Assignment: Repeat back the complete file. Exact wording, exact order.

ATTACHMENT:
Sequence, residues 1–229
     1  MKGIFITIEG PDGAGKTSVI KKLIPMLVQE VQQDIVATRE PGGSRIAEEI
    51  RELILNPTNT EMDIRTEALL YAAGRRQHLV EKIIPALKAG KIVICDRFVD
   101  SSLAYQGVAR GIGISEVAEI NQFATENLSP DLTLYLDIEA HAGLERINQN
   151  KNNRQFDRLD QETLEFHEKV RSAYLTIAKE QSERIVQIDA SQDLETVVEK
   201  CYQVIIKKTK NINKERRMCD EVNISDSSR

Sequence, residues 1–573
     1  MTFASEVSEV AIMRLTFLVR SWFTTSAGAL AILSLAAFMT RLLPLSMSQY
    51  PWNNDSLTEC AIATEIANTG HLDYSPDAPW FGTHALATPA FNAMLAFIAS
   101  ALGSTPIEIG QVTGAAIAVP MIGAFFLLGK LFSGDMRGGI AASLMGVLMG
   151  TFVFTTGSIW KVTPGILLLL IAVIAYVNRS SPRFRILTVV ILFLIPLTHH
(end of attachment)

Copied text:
Sequence, residues 1–229
     1  MKGIFITIEG PDGAGKTSVI KKLIPMLVQE VQQDIVATRE PGGSRIAEEI
    51  RELILNPTNT EMDIRTEALL YAAGRRQHLV EKIIPALKAG KIVICDRFVD
   101  SSLAYQGVAR GIGISEVAEI NQFATENLSP DLTLYLDIEA HAGLERINQN
   151  KNNRQFDRLD QETLEFHEKV RSAYLTIAKE QSERIVQIDA SQDLETVVEK
   201  CYQVIIKKTK NINKERRMCD EVNISDSSR

Sequence, residues 1–573
     1  MTFASEVSEV AIMRLTFLVR SWFTTSAGAL AILSLAAFMT RLLPLSMSQY
    51  PWNNDSLTEC AIATEIANTG HLDYSPDAPW FGTHALATPA FNAMLAFIAS
   101  ALGSTPIEIG QVTGAAIAVP MIGAFFLLGK LFSGDMRGGI AASLMGVLMG
   151  TFVFTTGSIW KVTPGILLLL IAVIAYVNRS SPRFRILTVV ILFLIPLTHH